Lost files and system failures can paralyze a project. That's why having a contingency plan is crucial. Cloud Backup safeguards your business by helping to protect the important files your website or application needs. Quickly get back to normal operations by rapidly restoring files after a system failure or file loss.
Online backup systems are typically built around a client software application that runs on a schedule determined by the purchased level of service. If the customer has contracted for daily backups, for instance, the application collects, compresses, encrypts and transfers data to the service provider's servers every 24 hours. To reduce the amount of bandwidth consumed and the time it takes to transfer files, the service provider might only provide incremental backups after the initial full backup. While initially used mainly by consumers and home offices, online backup is now used by small and medium-sized businesses (SMBs) and larger enterprises to back up some forms of data. For larger companies, cloud data backup may serve as a supplementary form of backup.
Cloud backups often include the software and hardware necessary to protect an organization's data, including applications for Exchange and SQL Server.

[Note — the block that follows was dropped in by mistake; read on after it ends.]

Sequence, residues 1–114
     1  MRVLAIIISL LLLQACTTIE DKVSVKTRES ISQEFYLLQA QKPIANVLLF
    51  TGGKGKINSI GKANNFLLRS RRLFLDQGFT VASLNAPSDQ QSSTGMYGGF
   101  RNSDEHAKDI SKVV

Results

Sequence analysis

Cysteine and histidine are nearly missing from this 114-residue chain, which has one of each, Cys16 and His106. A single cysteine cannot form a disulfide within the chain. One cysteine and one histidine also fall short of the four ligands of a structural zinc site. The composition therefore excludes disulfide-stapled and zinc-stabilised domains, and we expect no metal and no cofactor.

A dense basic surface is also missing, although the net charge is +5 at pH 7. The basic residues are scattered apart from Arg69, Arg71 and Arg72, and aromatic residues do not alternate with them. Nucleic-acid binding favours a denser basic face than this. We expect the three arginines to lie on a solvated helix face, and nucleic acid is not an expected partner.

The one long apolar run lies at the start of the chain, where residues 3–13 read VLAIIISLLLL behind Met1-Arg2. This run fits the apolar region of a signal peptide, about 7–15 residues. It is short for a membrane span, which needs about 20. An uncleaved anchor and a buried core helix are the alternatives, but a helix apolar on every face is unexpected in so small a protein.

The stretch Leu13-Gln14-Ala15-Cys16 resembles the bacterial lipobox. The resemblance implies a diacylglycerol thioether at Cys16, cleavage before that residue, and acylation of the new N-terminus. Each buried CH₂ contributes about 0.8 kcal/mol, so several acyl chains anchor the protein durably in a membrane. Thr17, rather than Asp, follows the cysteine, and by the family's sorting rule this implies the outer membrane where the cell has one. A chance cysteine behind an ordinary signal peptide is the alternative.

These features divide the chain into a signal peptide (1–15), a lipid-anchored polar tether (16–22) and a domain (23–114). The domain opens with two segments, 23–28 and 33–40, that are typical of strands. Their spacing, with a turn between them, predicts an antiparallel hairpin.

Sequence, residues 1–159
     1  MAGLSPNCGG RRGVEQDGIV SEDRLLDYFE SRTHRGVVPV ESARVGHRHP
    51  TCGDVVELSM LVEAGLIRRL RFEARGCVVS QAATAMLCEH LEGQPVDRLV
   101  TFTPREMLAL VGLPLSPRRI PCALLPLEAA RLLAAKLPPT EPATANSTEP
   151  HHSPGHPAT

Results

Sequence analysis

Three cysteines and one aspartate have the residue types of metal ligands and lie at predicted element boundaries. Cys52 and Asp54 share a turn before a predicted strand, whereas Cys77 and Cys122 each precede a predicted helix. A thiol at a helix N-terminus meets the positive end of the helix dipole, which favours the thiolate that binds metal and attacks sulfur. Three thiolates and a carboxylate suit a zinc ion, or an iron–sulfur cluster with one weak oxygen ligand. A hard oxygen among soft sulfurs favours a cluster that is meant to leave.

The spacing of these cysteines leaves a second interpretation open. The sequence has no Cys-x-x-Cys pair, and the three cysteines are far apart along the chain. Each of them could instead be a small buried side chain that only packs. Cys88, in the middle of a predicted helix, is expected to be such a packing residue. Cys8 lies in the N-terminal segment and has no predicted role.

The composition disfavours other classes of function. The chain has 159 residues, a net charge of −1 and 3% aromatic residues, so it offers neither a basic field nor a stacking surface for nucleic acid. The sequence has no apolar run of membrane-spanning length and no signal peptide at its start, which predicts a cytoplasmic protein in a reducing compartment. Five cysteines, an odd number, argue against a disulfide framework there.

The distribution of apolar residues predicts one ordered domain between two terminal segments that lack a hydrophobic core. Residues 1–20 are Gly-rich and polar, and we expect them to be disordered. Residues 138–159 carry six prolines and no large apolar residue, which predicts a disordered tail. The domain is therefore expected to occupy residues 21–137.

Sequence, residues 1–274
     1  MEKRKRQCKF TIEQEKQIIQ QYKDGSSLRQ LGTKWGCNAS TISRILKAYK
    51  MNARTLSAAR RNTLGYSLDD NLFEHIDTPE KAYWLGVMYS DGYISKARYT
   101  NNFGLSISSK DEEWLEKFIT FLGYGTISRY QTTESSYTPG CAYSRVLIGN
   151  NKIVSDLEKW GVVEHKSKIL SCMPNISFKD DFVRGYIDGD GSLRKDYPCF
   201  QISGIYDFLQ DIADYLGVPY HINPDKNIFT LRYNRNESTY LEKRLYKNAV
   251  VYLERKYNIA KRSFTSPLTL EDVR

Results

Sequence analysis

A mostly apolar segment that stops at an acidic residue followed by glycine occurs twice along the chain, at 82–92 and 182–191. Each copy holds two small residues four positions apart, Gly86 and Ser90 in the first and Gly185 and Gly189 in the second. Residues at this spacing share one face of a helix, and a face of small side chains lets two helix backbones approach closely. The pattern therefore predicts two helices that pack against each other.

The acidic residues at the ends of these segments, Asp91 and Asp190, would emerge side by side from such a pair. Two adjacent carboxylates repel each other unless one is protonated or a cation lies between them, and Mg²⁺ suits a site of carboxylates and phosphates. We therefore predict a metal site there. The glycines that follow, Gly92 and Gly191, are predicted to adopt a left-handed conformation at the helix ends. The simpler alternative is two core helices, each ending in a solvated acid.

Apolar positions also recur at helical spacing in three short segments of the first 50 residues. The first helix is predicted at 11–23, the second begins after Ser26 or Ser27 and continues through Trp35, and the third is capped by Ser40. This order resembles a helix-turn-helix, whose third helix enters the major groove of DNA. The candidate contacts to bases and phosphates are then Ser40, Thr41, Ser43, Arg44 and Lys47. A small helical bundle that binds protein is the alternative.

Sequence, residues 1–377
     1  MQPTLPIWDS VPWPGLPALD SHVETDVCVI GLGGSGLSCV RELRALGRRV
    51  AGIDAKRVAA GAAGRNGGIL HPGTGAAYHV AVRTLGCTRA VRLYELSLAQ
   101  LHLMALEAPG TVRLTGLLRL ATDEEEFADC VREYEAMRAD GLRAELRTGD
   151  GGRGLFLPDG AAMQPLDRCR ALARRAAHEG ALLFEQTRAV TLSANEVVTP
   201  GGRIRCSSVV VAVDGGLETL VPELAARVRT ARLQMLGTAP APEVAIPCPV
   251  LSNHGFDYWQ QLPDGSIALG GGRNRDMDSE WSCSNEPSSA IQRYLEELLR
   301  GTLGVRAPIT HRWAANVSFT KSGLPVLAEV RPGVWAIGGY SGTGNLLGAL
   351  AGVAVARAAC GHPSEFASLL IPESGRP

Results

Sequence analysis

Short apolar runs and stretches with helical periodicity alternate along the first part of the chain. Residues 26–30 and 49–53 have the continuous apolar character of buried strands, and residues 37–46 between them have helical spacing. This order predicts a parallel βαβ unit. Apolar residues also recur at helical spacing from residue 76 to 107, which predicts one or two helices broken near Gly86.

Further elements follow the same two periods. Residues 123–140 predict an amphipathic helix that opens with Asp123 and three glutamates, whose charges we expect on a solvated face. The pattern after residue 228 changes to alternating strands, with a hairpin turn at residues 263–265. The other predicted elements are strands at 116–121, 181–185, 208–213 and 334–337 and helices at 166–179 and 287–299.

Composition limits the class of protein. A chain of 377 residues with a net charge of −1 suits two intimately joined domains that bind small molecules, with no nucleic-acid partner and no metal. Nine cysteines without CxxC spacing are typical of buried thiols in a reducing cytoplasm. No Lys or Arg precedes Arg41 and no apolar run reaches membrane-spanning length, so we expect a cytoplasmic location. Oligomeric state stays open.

With a proper retention policy, cloud backups can reduce or even replace the need for off-site tape storage, so organizations are making the switch from disk-to-disk-to-tape strategies to disk-to-disk-to-cloud. Recalling large quantities of data from the cloud can be time-consuming, but so is reading a large number of tapes to find and retrieve data.
Flexibility is another benefit of the cloud because no additional hardware is needed.
Third-party cloud backup has gained popularity with SMBs and home users because of its convenience. In terms of return on investment (ROI), it is important for an organization to consider the long-term costs of backing up to the cloud. A five-year projection is recommended to properly estimate future expenses and decide whether using the cloud will help the organization break even after initial costs. After these costs are offset, ROI on cloud-based backups can be determined.
Pricing models vary by vendor, but it's important to be on the lookout for hidden costs. While most products for backing up to the cloud are sold using a price-per-gigabyte-per-month payment model, providers can also use a sliding scale model, set usage minimums and add transaction costs.